“I thought it would work,” said Mr. Howard.

“Our challenge was to stop the ship’s captain violating Australian law and the SAS detachment knew how to deal with it. They could handle it very efficiently without causing any damage, without any loss of life or injury and, as it turned out, he did a great job.”

An Australian naval vessel blocking the Tampa in August 2001 (Mike Powers) (Mike Powers)

“The Tampa’s particular challenge was very clear: people were selected who, under international law should have been taken to Indonesia, but forced the captain to sail to Australia and told them they did not have permission to enter. And when they defied those instructions we acted under international law in accordance with Australian Defense Act about our position.

Then government ministers made claims that asylum seekers had dumped children aboard a separate ship, the SIEV-4, in October.

These issues, the September 11 terrorist attacks, and the war in Afghanistan helped the government frame the debate on national security that led to the November elections.

“We will decide who comes to this country and what conditions they come in,” Mr. Howard said during a campaign event.

There were regional security issues after three navy ships were challenged by a Chinese warship in the Taiwan Strait.

Tampa has rescued more than 400 asylum seekers. ( (Mike Powers)

On May 14, 2001, Howard Cabinet agreed that the Department of Defense must submit every six months “a report listing all ADF activities planned ‘for the next six months'”, including naval movements the defense organization judges to have the potential to attract Protest from others. Country.”

Zinfandel, Mike Tyson and Eminem

Thousands upon thousands of pages of the Cabinet statement go beyond national security to include issues including biosecurity, amid the risk of the spread of mad cow disease and food.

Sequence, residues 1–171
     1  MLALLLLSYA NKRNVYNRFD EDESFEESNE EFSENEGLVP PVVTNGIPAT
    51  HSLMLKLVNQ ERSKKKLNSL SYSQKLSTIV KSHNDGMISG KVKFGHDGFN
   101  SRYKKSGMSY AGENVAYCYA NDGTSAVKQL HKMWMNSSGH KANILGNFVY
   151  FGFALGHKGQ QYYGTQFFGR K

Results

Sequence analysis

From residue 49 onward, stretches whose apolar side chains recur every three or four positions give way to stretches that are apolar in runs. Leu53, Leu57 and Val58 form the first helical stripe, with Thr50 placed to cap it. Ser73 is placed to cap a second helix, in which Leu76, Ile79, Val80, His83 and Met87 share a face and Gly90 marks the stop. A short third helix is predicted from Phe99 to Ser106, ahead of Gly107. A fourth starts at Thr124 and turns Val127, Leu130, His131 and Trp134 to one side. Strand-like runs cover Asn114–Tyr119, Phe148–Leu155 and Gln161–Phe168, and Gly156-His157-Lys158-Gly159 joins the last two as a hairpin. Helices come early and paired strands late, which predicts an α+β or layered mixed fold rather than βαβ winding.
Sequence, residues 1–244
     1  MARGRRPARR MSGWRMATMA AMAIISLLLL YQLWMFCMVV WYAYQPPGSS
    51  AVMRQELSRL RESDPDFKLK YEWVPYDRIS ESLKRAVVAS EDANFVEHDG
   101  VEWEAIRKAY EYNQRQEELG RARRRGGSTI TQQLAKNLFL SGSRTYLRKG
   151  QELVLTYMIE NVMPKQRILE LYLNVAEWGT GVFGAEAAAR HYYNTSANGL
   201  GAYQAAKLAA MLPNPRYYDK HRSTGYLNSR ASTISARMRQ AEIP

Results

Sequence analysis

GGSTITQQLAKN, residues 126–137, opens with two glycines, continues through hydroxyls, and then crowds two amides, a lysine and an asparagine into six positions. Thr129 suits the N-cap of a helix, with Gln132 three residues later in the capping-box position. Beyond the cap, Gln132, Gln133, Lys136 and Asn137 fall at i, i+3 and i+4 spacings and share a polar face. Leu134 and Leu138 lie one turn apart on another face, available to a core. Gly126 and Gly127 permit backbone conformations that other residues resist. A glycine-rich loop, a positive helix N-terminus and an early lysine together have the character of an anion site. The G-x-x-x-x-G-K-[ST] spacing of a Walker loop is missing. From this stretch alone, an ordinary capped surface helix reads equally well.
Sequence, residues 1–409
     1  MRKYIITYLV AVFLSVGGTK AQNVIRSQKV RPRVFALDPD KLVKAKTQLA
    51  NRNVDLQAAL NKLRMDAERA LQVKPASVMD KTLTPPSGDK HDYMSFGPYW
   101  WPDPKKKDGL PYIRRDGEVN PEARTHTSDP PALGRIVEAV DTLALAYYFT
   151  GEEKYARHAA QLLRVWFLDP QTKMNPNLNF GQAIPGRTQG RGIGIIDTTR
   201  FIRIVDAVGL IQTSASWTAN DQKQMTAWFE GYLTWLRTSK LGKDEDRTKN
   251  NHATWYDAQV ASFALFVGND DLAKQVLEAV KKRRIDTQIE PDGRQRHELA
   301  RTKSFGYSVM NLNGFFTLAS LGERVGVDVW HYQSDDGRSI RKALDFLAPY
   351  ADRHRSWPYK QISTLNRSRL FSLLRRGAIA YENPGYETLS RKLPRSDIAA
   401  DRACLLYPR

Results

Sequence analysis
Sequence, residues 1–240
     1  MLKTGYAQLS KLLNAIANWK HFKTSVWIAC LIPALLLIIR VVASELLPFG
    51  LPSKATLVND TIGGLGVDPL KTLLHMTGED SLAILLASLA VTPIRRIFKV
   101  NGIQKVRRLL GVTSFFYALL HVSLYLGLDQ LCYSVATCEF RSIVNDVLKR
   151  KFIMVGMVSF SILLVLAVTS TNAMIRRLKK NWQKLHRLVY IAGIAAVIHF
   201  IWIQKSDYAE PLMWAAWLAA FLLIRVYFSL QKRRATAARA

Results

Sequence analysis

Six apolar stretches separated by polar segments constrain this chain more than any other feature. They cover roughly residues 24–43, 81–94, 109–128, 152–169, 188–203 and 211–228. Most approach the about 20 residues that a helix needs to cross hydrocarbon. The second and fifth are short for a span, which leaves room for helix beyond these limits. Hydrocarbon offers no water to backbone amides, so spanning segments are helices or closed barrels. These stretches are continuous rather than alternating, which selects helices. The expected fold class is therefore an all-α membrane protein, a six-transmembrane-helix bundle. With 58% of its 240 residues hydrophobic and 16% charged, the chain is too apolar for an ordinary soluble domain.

Another business partner’s concerns seemed to be on Cabinet members’ minds when they discussed importing grapes from California.

Cabinet papers indicated that the outbreak of Pierce’s disease in the United States “has increased the risk of introducing[California table grapes]into Australia”.

“This is a very sensitive issue for the United States.”

A temporary ban on fruit entering the country remained in effect.

Newspapers show that the US took the ban seriously.

Mike Tyson boxing in 1986
Mike Tyson, right, deals a heavy blow to Trevor Berbick in the second round Saturday night, November 22, 1986, in Las Vegas. Tyson became the youngest heavyweight champion after a brief stint with TKO (AAP)

The newspapers reported that “communications with US officials through diplomatic channels indicated that the announcement of a continuing ban on grape imports is highly likely to lead the United States to move against Australia by the World Trade Organization.”

The government also considered fights in the ring.

Cabinet “suggested” that boxer Mike Tyson should be refused a visa for a match in Australia “because of his high criminal record” and “he is not of good character”, according to a cabinet record.

It was a different story for musician Eminem.

The Cabinet indicated that the minister would take the views of Cabinet members into account, but ultimately left the matter in the hands of then-Minister of Immigration Philip Ruddock.

Eminem’s 2001 Australian tour went ahead.

Eminem attends the rag & Bone X Eminem London Pop-Up Opening on July 13, 2018 in London, England.
Eminem attends the rag & Bone X Eminem London Pop-Up Opening on July 13, 2018 in London, England. (GT)

Mr. Howard’s time as prime minister also continued.

He and his government won the November elections against the Labor Party led by Kim Beasley.

But bigger challenges lie ahead.

A fearsome and largely unknown new terrorist threat has cast a shadow over many aspects of life in Australia and in other Western democracies, and will remain so for years to come.

Young Australians will be killed in Afghanistan, and in 2002 terrorism was taking Australian lives in Bali.

The war on terror had only just begun.